What is the European Central Bank facing?
Becoming the European Central Bank head might sound like the highest-level of any career achievement. The job requires responsibility for setting the Eurozone interest rate policy, controlling the Euros supply and overseeing the biggest European banks, all of that keeping an eye on inflation and unemployment (11 million jobs created over the past decade).
Mario Draghi’s 8 years mandate has been one of the longest and most tormented since the ECB creation. The former Italian central banker became notorious for rescuing the Euro during the 2011 Government Debt crisis which led Greece, Italy and Spain almost to the edge of collapse.
The current Eurozone unemployment rate is at the lowest ever and the continent is still enjoying what seems to be the longest-lasting cycle, with the major economies running at full regime. However, the price European countries and big enterprises are currently paying is non-sense “negative” interest for borrowing money. Under this circumstances ECB already-fat-balance sheet has reached a sound €2.6tn value in asset (corporate and government bonds).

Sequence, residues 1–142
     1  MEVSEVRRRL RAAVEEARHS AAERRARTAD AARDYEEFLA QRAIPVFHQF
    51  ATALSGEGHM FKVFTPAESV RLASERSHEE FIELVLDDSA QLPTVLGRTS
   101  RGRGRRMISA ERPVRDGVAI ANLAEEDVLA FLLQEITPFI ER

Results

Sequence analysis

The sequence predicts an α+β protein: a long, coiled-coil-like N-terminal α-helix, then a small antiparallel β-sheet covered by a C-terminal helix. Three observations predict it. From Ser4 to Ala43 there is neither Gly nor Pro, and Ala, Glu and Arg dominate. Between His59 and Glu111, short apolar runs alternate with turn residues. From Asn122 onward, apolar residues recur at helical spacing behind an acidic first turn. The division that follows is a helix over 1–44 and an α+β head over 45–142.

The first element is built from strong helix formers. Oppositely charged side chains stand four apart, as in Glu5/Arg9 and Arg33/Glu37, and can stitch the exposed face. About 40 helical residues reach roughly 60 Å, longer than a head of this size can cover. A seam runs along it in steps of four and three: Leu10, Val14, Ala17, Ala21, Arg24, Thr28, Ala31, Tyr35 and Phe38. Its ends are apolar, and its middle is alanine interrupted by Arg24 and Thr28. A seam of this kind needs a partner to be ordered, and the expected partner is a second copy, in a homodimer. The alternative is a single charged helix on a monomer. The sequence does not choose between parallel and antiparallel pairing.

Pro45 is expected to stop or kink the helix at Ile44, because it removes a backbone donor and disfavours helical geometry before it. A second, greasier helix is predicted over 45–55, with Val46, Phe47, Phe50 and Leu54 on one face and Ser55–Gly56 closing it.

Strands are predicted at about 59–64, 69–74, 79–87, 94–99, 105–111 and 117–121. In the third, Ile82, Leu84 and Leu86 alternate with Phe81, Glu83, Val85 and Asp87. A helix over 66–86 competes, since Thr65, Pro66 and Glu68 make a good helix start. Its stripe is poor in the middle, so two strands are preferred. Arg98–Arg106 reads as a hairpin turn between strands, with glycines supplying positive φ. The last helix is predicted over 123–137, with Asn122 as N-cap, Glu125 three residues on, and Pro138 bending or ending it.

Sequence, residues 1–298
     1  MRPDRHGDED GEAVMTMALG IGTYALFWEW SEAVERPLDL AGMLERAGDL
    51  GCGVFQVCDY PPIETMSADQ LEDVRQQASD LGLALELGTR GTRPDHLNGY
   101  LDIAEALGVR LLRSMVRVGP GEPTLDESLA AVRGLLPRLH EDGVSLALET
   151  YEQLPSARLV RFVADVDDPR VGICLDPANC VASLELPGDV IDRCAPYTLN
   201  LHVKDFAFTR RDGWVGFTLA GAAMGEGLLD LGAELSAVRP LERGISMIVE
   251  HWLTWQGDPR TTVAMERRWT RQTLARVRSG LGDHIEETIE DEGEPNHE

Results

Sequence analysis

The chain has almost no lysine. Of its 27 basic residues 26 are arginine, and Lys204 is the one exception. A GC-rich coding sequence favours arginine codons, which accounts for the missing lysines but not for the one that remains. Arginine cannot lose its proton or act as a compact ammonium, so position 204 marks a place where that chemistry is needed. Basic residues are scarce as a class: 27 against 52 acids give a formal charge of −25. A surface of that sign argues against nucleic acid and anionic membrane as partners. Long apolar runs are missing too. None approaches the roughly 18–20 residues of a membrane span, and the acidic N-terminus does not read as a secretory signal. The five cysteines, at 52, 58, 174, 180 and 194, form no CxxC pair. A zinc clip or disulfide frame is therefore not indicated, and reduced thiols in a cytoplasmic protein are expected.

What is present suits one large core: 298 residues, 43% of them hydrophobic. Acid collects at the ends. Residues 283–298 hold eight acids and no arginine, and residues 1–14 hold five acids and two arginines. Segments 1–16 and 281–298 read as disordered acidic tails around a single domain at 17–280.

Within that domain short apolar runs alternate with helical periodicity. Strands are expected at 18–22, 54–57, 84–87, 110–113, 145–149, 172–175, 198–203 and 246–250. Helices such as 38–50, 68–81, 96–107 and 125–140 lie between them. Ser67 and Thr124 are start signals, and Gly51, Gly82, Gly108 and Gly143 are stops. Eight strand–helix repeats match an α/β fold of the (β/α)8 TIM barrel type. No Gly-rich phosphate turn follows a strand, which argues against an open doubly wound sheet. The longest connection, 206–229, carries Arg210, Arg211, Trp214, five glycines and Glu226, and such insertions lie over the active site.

Nowadays, the most creditworthy entities (corporates and governments) are receive interest to borrow money whenever needed, whilst lenders are willing to pay (sacrifice some of their initial capital) to “invest” (shift their money) into what is now perceived as a “safe” asset. I remember the first lecture of my financial asset pricing course at the business school and my professor saying: “There is not such a thing as a free lunch in the financial market unless an arbitrage opportunity might rise”. Paying interest to bear (even little, but existent) counterparty and market risk would not be part of a normal “rational investor” strategy and seems a lot like a “free lunch” That said, some of these companies do not even have to be necessarily profitable, but they only need to be very good at selling the unlimited investment upside dream to eager and income-greedy investors.